I love Mötley Crüe. They were one of the bands that were instrumental in helping me to break out from the fundamentalist bubble I grew up in. “Dr Feelgood” was incredible; it made the Christian music I used to love seem anaemic and pathetic by comparison. And when I finally got to the point where I could sing “Shout at the Devil” without fearing that I might burn in hell, it was a huge personal breakthrough.
Mötley Crüe promote violence against women in their lyrics and in their live shows. I call myself a feminist now, and I can’t make excuses for them. But what shocks me now is how for so many years I didn’t recognise this violence against women, because my fundamentalist upbringing had taught me not to see it.
Trigger warning for sexual violence against women. Read the rest of this entry
Most of the Christians that read this blog seem to get it. They know that when someone has been abused by Christians, that is not the time for evangelism. It is the time for supporting victims and standing up against injustice. But sometimes we get a reader who is more concerned about the image of Christianity™ than they are about caring for people. Or someone who thinks that a victim might be low-hanging fruit for conversion. Evangelicalism: Spreading itself by preying on the weak.
Typically, the critic will take offence and claim that the blog suggests all Christians are abusive (which it never does). Why have I not specifically mentioned in every post that not all Christians are like this? How could I attack Christianity like that? To which my response is: What the hell is wrong with you? You can read a blog post about a girl being raped, and your first concern is that it might make your religion look bad. You know what actually makes religion look bad? Covering up rape, you morally bankrupt fuck.
I am proud to present this post by Anaïs Chartschenko. If you are likely to be triggered, be warned that this piece refers to rape.
Every time I apply for a job I have a pang of fear. Some jobs want to check your references. I am not afraid because I have a criminal history. I am afraid because my whole high school experience was a fraud. You see, I was home schooled. At first, I had big, thick text books with spines that smelled nice. I didn’t mind this as much, even though I was mostly left to my own devices to do my school work. I wanted to be smart. Discipline was not an issue. I wanted to go to college. I now see my naivety. I should have paid more attention when church members kindly informed me that college wasn’t for me or that god had other plans…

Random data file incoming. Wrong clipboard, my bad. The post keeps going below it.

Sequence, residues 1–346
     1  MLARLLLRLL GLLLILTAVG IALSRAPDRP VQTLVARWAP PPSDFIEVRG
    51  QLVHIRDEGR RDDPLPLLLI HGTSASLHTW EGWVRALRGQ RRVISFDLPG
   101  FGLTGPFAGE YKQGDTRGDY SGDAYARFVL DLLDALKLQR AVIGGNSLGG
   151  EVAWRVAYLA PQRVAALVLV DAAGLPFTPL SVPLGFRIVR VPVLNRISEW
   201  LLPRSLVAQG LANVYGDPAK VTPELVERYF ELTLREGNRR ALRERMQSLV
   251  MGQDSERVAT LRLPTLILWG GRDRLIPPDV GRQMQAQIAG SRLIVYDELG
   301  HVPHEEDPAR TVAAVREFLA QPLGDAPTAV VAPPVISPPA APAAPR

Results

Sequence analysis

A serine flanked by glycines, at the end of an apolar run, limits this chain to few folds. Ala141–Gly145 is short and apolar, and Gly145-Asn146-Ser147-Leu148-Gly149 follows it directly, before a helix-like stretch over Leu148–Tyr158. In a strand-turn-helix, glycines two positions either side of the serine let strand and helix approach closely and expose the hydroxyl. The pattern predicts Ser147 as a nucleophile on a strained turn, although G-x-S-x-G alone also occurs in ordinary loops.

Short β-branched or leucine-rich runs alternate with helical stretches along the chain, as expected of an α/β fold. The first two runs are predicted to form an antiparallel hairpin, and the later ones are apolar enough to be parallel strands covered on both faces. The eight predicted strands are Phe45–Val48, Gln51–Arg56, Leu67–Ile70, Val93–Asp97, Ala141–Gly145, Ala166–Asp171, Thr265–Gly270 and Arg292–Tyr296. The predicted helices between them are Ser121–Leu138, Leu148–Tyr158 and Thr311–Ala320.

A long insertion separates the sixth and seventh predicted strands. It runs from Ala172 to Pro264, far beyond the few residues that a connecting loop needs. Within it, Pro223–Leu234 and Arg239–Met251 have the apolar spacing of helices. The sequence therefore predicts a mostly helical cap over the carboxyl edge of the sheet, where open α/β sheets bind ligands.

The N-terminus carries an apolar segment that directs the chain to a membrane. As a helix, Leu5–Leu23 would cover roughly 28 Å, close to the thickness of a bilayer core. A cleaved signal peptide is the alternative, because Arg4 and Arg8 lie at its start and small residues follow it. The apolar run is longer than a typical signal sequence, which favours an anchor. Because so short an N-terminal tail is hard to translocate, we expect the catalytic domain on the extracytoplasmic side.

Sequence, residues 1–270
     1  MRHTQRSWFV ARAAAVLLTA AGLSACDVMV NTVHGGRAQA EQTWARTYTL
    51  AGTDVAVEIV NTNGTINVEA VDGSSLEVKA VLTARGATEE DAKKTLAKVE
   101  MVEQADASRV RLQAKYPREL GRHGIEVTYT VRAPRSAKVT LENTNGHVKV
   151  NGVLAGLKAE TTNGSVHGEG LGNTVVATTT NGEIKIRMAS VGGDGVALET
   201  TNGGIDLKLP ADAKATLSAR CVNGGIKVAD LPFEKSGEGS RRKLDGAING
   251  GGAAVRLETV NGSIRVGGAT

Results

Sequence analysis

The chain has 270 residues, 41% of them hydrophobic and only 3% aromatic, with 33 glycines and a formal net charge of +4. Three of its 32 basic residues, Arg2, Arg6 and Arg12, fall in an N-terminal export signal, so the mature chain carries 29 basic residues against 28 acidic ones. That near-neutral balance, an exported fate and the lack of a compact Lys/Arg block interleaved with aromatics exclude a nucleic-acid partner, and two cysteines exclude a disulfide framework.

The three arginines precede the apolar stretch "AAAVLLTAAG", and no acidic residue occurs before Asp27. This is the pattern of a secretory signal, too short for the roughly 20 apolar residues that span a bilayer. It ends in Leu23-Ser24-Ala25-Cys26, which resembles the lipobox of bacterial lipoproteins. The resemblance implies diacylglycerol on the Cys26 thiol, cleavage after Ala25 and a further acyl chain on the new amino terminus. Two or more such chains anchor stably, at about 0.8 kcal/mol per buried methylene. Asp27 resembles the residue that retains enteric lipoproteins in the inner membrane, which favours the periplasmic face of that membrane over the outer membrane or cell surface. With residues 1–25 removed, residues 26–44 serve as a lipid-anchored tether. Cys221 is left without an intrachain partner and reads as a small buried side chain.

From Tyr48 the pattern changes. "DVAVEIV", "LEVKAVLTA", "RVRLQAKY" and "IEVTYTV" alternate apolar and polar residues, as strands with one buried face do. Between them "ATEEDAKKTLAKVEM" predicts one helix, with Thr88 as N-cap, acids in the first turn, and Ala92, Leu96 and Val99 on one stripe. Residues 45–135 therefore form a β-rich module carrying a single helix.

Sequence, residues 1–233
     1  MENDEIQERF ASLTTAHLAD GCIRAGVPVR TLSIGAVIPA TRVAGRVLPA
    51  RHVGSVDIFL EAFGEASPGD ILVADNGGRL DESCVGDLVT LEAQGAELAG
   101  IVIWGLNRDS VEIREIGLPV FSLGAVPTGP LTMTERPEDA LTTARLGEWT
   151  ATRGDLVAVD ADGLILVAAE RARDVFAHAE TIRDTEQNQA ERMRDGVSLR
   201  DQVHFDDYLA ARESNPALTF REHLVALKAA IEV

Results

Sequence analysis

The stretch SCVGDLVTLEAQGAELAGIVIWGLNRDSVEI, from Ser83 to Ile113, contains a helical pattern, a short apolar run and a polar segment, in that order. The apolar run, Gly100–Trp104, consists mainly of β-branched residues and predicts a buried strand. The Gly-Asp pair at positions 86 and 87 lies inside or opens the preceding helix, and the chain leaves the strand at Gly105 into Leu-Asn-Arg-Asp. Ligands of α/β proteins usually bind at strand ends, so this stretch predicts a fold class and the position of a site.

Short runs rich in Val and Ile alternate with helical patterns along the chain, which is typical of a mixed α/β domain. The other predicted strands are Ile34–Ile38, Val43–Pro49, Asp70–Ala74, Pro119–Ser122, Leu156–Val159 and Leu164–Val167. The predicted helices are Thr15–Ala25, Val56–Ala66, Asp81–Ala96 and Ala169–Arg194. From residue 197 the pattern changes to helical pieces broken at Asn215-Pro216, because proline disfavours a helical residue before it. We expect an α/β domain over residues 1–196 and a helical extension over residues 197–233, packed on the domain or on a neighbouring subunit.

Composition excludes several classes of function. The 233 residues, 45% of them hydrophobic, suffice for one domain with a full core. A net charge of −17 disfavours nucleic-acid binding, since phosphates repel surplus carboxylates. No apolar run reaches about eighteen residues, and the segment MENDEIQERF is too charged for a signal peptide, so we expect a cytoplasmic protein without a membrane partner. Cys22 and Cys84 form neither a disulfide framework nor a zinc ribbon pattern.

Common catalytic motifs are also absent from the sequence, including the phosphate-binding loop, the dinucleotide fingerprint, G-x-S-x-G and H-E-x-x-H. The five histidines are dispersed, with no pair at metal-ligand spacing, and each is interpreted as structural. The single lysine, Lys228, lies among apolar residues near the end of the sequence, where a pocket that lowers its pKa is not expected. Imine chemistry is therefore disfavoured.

Before long, my mother had switched the whole curriculum up. I now was to do ACE which came in shockingly simplistic booklets, called PACEs. I was told it was much better, and I could work at my own pace. PACEs, get it? So for three years I stared at the PACEs, carefully filling in bubbles with my number two pencil. I can’t explain the boredom. I can’t explain the anger I felt with every depiction of a submissive woman making dinner. The curriculum featured multiple choice questions with only one right answer. There was no critical thinking involved. Read the rest of this entry
I’ve blogged before (more than once) about how ACE’s policies put children at risk of abuse. By teaching children to obey no matter what, and by not educating children properly about when (or how) to say no, they leave children vulnerable. I’ve discovered evidence that this is a bigger problem than I previously thought. We’ve already heard from Christopher and Anaïs that sexual abuse is a reality for some ACE students. The company should be doing more to equip students against it. Instead, their staff training instructs ACE supervisors to view children as unreliable, and to ask their parents to treat them the same way. Read the rest of this entry
I have a new favourite blog: Anaïs Chartschenko’s Whisper Collector. Like just about everything I recommend, it’s not fun reading, but she’s a belting writer and her story needs to be heard. She’s a former ACE home schooler and a rape survivor (although, as her blog shows, she is absolutely not a victim). I repost this with her permission.
I walked into the youth chapel at the church. Something was different: there was a box of donuts on a folding table in the center of the room. All of us descended on it eagerly. There were some kids who had such strict parents that they did not get to eat sugar. They were the most deflated. I stared into the box, taking in donut after donut- glazed, creme filled, maple bar- all varieties with one common theme. A big bite had been taken from each one. Dejected, we slumped in our chairs. No one was willing to risk eating a communal donut. We had all been warned about the dangers of sharing food a million times over. We did not want herpes from a donut, no sir. We were adept at going with out. We had already gone without dancing (the prom), learning science, eating meat, reading novels, watching movies, or any of the long list of things that were not allowed. Read the rest of this entry
Trigger warning in this post for rape and victim blaming.
In 1997, a Baptist church deacon, Ernie Willis (38), raped Tina Anderson, then 15. As a result, Anderson became pregnant. The church pastor, Chuck Phelps, covered up this rape, and had Anderson relocated to another state (with a plane ticket paid for by her rapist). She was home schooled, and not allowed contact with her peers until after she had given the baby up for adoption. Willis had even confessed his guilt to the pastor, conceding that he was the “aggressor”. Anderson’s relocation effectively shut down the police investigation into the matter. There is some disagreement as to whether the authorities were informed at the time; roughly, Phelps says they were, and everyone else says they weren’t. Read the rest of this entry